Wednesday, February 02, 2011

An Avalanche of Apples

By Belinda

We all woke up to what had been forecast by Environment Canada--a blizzard sure enough. I had peered out into the dark the night before at bedtime but squinting against the window could not see any sign of the prophesied snow storm. Paul had booked into a Toronto hotel in order to get to an important morning meeting. I had brought home my laptop and work in preparation for a snow day.

But as we all slept the snow came, although not quite in the quantities foretold. In the early morning I looked down from our bedroom window to see my car buried deep in a snow drift and knew that it would not have made it out of the driveway. Brenda had wisely parked at the end of the driveway so that nothing would keep her from work. She is driven, like her father.

After breakfast I changed the message on my work phone, and left one inviting people to call me at home, then set up my laptop and folders on the kitchen table.

Downstairs the girls slumbered on in quietness and made up for it in much bouncing around and giggling once awake.

What is it about a snow day? It feels like being temporarily marooned on a desert island, removed just enough from reality that it feels like a special kind of holiday--even if you are working.

I had not been working long when the phone rang.

"Hello," said a familiar bright and cheery voice. It was Frances. I stopped the timer with which I keep track of when I am actually working and turned my attention to my friend.

"So how come you didn't say anything to me about the apple pies," she demanded to know. Frances is the one friend who is a steadfast Luddite . She not only isn't on Facebook, but she doesn't "do" email; and, in her words, she "binges and purges" on this blog. My goodness, to communicate with Frances, you have to actually talk!

She was only about 3 days behind the rest of the world but felt quite out of the loop, which called for a good chat and a lot of catching up, finally arriving at the end of the story of the pies; having explored all of the twists and turns that got us here, to both of our complete satisfaction.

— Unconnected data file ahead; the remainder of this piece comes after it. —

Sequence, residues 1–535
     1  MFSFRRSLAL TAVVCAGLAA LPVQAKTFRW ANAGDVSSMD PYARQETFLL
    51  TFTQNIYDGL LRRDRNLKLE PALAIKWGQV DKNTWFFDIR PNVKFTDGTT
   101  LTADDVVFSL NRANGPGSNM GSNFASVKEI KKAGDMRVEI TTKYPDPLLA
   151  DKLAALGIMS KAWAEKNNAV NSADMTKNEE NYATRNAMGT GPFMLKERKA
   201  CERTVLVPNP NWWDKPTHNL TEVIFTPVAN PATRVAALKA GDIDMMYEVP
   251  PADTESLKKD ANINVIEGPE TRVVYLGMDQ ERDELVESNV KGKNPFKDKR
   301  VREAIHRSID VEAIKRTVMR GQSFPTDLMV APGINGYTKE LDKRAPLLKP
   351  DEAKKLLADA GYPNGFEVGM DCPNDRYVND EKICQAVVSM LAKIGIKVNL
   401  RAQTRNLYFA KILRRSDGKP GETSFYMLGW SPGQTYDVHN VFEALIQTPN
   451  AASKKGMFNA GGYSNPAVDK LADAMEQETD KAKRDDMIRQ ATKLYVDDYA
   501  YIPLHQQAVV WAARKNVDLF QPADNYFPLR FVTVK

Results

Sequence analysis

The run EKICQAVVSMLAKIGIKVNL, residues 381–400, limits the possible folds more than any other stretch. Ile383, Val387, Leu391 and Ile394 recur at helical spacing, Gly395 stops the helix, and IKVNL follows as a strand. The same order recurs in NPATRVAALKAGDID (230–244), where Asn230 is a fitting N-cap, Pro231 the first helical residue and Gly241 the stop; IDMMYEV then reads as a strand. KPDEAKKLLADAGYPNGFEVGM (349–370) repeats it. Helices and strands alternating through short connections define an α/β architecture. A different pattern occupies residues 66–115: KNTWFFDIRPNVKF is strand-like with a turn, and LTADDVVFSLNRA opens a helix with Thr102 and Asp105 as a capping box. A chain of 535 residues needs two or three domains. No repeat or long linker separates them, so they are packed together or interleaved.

She wanted to join in, to be a support, but explained that financially, right now, that would be difficult and she lamented her inability to give as she wished she could.

"But people are helping in all sorts of ways," I said. Some are buying pies, some are giving apples and some are coming to peel and chop."

That was when Frances's voice registered excitement.

"Do you need apples?" she asked, "And how many?" Brian, her husband, works at the Ontario food terminal as a buyer.

"I would love some more apples," I said, "I will use whatever comes."

Once she knew what kind, she hung up to call him.

A few minutes later Frances called back. She had begun to pitch the story of the $20 pies to Brian, telling him why we were raising the money, just giving him the background so he'd understand, when he interrupted her.

"No Fran," he said firmly, "Not in this economic climate. Not when people are losing their jobs."

"And apples are going to change that?" asked Frances confused.

"Apples? You just want apples?" he said, "How many?"

And that's how I've landed under an avalanche of the best and freshest apples money can buy from a man who couldn't ask people to buy pies but sure can get apples.

The beautiful quote I shared on Monday's post bears repeating here:

From each according to his ability